Long-time West Side resident Sam Taylor talks about his time working at city incinerators
After nearly 30 years of working operating machinery at incinerator sites for the City Of Chicago, Sam Taylor realized it was time to retire—for his health and peace of mind.
“The doctor said I’ve got to sit down, and that’s just what I’ve done: sat myself down,” the 63-year-old says.
The long-time Chicagoan went to school, married, and raised his kids on the West Side. He says he could see the smoke emerging from the chimneys of the Northwest Incinerator long before he did any work there. “All I knew was that they took garbage there and they burned it,” he says.
As a Streets and Sanitation employee from 1981 to 2011, Taylor worked primarily at the Southwest Incinerator site located at 34th and Lawndale, From time to time however he would be called up to work at the Northwest Incinerator, at Chicago and Kilbourn.
“I went from sorter, to operator, to handling heavy equipment, machine holding, loading the garbage on the truck and taking it to the landfill,” he remembers. “I saw everything come through. I saw dead babies that people had put in the garbage. I found body parts, tons of guns. We found guns every day.”
Taylor recalls when hazardous waste would come into the sites, and admits he was often concerned for his safety.
“There were times when there would be toxic waste and they would have to shut the place down because people couldn’t breathe,” says Taylor. “They had to clear the building out. Sometimes this happened once a month.”
His wife was no big fan of his occupation—for that reason and more.
“I would come home from being around the incinerator, and my wife would say ‘stop right there,’” he says, laughing. “She had a place for me to put my shoes and your coat out there, because ‘you smell like the incinerator.’”
Though the Northwest Incinerator was originally welcomed to the area when it was built in 1971, public perception of the industrial site began to sour. At the same time, automation technology changed the workforce: people were no longer needed to sort the waste by hand. Taylor explains, “When they were doing the sorting they had like 20 people at each station... [but then] they cut down on the jobs, so maybe you got like five, two people in one station.”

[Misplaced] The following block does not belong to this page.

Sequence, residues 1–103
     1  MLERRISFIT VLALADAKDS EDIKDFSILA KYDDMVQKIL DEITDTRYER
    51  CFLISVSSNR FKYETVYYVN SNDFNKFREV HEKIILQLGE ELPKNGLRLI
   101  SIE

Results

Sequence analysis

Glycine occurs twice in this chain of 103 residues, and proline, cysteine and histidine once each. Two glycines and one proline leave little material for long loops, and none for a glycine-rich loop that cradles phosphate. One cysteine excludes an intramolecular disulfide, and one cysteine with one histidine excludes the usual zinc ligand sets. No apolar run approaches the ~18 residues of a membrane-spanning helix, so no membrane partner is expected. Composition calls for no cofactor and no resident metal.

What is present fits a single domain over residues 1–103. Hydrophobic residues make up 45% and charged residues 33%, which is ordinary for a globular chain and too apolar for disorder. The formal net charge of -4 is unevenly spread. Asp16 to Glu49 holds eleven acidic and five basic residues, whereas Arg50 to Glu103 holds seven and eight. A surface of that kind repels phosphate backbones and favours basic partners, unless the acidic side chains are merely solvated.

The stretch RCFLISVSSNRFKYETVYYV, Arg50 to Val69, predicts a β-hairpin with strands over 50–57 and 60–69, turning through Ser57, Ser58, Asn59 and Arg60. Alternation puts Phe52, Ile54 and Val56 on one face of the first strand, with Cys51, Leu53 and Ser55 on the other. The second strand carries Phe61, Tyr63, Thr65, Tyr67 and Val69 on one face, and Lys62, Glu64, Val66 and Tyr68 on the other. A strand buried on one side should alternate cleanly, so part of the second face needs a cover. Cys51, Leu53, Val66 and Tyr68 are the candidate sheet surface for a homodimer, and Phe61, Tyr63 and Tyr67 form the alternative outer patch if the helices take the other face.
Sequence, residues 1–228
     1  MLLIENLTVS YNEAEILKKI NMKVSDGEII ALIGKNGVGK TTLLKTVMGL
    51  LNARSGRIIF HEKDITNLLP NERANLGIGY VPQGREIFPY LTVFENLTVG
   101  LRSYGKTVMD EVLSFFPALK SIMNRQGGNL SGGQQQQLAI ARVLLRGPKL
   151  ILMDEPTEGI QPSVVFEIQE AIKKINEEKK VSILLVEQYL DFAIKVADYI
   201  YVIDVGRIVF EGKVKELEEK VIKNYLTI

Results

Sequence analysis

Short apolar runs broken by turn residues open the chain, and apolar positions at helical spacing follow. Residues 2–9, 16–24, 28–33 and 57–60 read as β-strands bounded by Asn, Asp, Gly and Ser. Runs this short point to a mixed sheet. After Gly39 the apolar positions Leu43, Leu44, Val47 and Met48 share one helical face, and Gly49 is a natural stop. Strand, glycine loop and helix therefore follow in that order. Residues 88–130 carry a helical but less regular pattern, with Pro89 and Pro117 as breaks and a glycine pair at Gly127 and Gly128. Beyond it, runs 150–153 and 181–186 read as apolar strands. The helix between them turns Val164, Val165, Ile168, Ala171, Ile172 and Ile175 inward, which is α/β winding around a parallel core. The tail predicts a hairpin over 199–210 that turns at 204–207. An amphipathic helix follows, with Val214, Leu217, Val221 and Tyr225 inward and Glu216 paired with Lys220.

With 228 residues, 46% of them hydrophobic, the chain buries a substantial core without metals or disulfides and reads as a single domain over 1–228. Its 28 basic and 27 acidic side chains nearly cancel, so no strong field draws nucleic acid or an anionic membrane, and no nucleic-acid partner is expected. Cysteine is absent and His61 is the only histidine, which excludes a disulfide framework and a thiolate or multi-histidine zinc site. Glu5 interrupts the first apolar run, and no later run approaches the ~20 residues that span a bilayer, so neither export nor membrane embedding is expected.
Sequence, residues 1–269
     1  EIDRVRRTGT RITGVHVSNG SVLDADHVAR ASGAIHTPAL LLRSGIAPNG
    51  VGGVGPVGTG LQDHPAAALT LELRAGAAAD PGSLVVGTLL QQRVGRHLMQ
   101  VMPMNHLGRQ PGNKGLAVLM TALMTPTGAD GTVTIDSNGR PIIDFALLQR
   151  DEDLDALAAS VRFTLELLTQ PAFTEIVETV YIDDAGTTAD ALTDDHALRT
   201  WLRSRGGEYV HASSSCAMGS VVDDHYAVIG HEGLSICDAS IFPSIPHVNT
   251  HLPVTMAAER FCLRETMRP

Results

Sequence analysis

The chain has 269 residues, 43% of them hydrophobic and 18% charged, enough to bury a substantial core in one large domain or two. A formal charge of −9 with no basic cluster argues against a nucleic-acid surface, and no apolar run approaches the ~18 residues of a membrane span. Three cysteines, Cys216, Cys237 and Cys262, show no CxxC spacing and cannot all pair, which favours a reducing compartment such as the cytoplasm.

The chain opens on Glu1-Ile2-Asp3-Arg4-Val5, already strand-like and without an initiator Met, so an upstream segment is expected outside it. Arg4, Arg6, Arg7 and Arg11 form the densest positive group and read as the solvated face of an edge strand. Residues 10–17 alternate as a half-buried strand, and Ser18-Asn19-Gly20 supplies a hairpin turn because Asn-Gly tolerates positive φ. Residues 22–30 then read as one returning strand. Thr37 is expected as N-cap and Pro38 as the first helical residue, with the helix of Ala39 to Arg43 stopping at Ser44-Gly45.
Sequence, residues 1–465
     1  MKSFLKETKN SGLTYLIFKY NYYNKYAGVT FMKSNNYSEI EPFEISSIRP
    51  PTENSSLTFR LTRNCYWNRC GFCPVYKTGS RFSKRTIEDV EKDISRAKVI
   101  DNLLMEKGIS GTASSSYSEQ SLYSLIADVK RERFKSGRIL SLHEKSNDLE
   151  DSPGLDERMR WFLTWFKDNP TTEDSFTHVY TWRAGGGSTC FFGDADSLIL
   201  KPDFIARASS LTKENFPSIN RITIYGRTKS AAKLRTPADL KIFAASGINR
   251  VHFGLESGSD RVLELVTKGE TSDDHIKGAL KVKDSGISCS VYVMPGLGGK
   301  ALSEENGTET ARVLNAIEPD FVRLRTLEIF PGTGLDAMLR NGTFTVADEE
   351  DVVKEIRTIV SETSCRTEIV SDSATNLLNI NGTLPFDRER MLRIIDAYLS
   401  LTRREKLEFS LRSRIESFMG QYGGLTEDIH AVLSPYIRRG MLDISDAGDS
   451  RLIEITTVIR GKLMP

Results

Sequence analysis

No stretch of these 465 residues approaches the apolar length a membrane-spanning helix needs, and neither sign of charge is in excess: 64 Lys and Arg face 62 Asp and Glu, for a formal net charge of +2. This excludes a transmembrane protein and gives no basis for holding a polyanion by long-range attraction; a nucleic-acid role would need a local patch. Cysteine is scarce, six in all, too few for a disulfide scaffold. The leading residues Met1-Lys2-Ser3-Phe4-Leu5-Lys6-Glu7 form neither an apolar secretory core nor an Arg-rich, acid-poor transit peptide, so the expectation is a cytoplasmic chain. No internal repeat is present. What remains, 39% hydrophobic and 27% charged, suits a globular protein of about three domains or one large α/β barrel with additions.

Local activists worried about environmental issues formed a coalition called WASTE (the Westside Alliance for a Safe and Toxic-free Environment) and lobbied against the incinerator, which eventually closed in 1996.
“Nobody wants to lose a job. Everybody needs money. There were a few sad faces but, you know, some people got relocated, and those people they felt weren’t working out just got laid off,” Taylor says.
He stayed with Streets and Sanitation long enough to see the city implement the Blue Cart recycling program in 2007, a service that provides residents living in single-family, two-, three- or four-flat buildings with blue carts to place their recyclable trash. Taylor remains skeptical about whether this system is effective.
“My sense was that it wasn’t working,” Taylor says, “People put anything in those blue cans without even thinking about it.”
Taylor’s been retired for six years now, but he doesn’t sit idle. When he isn’t doing community organizing along with his wife, Angela, he is maintaining the couple’s 36 gardens on the city’s Northwest Side. The one he frequents the most features a greenhouse and a chicken coop in the back of their West Garfield Park home.
Reflecting on his post-retirement life, Taylor recognizes the irony of what his everyday activity has now become.
“I went from garbage to greenery,” he says with a laugh. “My focus now are these gardens and promoting healthy food.”